The Connecticut Department of Transportation (CTDOT) is looking for a way to improve I-95 between Rhode Island and Branford.
CTDOT has begun a new study of I-95 that will help identify long-term and short-term solutions needed to address the increased traffic since the highway was built and the anticipated increase in the coming years.
CDM Smith, an engineering and construction firm, along with CTDOT gave two presentations Tuesday on the I-95 Eastern Connecticut Planning and Environmental Linkages Study that started this year, and they are looking for residents’ comments on how they think the highway can be improved.
The corridor area is projected to see an 18% population growth and 26% employment growth between 2016 and 2050, a faster pace than Connecticut overall, said Krista Goodin, project manager with CDM Smith.
Goodin said the I-95 corridor from Branford to Rhode Island was previously studied in 2004 and later studied in an update in 2018. Both studies identified the need for additional capacity to address increasing congestion and recommended improvements, including widening in some areas and safety and design improvements at interchanges.
CTDOT is now undertaking a Planning and Environmental Linkages study of the corridor, a type of study intended to “consider environmental, community, and economic goals early in the transportation planning process” and “use the information, analysis, and products developed during planning to inform and streamline the transportation project development and environmental review process,” according to the project website. The study also is “intended to provide the framework for the long-term implementation of transportation improvements as funding becomes available.”
Becca Hall, deputy project manager with CDM Smith, outlined issues with the corridor. Many of the shoulders are too narrow, six bridges are in poor condition, and nearly half of the interchanges, including Exits 86 and 87 in Groton, are too closely spaced.
The 59-mile long stretch of highway has 5 left-hand on- and off-ramps, which can lead to slower traffic in the left lane, Hall said. In addition, 70% of the off-ramps and 55% of the on-ramps are too short, which causes drivers to slow down on the highway. In addition, 40 off-ramps and 33 on-ramps have curves that are too tight, and the highway itself has steep grades and seven curves that are too tight.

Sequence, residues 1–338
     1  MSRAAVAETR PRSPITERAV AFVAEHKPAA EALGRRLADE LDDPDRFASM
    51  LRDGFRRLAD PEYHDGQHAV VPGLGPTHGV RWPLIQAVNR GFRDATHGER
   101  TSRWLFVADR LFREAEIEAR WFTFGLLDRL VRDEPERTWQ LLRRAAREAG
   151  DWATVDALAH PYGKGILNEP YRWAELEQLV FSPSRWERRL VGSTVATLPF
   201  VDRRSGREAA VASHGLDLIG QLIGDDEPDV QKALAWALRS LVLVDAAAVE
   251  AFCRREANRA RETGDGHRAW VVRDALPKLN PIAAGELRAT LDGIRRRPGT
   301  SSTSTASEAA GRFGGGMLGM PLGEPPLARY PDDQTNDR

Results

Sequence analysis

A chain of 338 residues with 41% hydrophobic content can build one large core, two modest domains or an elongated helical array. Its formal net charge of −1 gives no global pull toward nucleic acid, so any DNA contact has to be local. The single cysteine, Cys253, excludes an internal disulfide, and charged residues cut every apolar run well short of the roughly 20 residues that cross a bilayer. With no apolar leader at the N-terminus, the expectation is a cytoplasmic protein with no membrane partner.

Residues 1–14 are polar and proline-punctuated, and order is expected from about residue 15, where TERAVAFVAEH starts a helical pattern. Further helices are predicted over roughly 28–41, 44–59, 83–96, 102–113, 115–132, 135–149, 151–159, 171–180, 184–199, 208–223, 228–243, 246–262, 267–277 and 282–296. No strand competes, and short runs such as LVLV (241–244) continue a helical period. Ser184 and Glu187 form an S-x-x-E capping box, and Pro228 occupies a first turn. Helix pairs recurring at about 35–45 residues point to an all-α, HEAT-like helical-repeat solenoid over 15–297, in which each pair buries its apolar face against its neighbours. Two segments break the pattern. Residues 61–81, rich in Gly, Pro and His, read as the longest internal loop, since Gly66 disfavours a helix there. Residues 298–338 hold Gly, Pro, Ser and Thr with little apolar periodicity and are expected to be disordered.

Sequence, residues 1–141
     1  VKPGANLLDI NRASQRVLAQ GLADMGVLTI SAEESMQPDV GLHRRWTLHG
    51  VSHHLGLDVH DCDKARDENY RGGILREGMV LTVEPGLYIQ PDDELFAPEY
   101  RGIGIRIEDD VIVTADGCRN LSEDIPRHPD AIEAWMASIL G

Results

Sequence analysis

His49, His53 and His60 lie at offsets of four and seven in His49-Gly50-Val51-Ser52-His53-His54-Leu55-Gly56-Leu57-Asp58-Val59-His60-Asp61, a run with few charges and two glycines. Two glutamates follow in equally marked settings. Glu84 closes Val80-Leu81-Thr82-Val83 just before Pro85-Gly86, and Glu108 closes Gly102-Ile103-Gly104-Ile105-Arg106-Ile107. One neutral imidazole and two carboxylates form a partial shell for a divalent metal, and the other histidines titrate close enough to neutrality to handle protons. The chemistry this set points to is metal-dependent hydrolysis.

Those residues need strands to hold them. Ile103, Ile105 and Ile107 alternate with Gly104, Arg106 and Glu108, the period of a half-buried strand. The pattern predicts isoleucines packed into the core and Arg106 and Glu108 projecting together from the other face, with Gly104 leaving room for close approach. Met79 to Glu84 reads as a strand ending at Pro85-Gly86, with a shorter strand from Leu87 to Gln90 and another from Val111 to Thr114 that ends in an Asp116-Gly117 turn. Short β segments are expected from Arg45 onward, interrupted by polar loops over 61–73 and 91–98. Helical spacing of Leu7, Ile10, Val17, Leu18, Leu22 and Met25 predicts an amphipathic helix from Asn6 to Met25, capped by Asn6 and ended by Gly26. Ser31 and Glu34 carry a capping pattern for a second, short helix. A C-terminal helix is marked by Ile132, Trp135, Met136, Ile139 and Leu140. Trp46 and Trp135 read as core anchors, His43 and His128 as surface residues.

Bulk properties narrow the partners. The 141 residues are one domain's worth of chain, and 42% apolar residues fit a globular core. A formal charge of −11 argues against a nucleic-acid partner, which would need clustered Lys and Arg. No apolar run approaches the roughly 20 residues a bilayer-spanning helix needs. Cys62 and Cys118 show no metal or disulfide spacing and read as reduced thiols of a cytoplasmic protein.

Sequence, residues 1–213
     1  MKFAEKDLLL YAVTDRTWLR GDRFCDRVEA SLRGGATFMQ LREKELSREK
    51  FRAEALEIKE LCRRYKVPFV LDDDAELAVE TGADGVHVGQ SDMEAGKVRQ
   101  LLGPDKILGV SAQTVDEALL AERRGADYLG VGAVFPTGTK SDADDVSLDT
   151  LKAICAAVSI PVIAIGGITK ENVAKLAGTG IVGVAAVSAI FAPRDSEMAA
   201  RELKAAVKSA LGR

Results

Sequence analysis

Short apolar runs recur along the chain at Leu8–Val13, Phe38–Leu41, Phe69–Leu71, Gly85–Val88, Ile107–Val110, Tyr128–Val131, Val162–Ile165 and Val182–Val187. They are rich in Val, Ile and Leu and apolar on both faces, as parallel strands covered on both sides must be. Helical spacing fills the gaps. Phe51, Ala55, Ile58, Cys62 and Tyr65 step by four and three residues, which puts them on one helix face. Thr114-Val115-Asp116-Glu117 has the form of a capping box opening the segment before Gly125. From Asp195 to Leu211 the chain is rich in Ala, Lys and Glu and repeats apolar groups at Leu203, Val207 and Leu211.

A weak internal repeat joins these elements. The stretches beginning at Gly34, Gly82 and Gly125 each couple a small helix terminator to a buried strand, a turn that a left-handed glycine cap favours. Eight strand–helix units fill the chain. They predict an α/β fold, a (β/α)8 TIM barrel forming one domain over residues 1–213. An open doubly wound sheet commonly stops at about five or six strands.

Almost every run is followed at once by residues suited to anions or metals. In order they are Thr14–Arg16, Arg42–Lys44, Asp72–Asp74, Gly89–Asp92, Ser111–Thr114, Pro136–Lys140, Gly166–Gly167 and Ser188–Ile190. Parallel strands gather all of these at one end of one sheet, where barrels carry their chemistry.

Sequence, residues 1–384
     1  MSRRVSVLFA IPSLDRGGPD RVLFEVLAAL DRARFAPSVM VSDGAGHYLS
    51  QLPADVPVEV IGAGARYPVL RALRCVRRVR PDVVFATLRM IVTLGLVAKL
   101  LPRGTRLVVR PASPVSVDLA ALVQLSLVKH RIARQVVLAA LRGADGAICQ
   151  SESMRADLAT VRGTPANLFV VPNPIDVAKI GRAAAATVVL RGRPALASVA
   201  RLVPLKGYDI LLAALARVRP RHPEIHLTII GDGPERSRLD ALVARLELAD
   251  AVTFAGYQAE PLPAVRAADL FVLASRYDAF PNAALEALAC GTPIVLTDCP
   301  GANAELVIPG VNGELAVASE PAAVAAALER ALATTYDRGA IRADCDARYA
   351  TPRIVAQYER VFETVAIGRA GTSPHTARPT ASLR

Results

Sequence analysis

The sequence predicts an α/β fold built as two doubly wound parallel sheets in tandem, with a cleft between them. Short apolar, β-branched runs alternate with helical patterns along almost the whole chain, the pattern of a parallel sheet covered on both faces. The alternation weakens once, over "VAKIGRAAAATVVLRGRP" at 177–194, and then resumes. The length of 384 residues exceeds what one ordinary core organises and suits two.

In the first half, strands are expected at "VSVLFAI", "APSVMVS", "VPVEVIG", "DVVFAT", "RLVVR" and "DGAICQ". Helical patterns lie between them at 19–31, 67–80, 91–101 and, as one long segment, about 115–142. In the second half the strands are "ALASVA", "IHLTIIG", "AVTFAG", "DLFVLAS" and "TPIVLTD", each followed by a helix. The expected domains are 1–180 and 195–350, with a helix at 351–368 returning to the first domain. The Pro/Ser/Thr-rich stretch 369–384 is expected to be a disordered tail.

According to the Connecticut Crash Data Repository, there were 2,925 crashes in the study area from 2018-2020. About a quarter of the crashes resulted in an injury and 19 were fatal. During summer weekends, crashes were 67% higher than the annual average.
The project team said that they have gathered data of the corridor, but there is no course of action to improve it at this time. They are looking to hear from residents.
After the presentation, people asked CTDOT questions.
In response to questions about bottlenecks on I-95 in East Lyme, Scott Harley of CDM Smith, said the team noted a number of issues in that area, including narrow shoulders, steep vertical grades, and very close spacing between the Exits 74, 75 and 76 on- and off- ramps. The northbound Exit 76 off-ramp is on the left side, which is opposite of drivers’ expectations as most off-ramps in Connecticut are on the right side.
Harley said next spring CTDOT plans to begin a project centered around the reconstruction of the Exit 74 Interchange and includes the replacement of the bridge carrying I-95 over Route 161. He said the design team also will continue to investigate solutions to reduce congestion and improve safety in this section of I-95.
CTDOT asked residents to comment on the Draft Purpose and Need statement for the corridor and what they think needs to be improved based on their day-to-day experience. The formal comment period ends Nov. 30, though CTDOT said it will welcome comments throughout the project.
A final report is slated to be completed by the fall of 2023, Goodin said.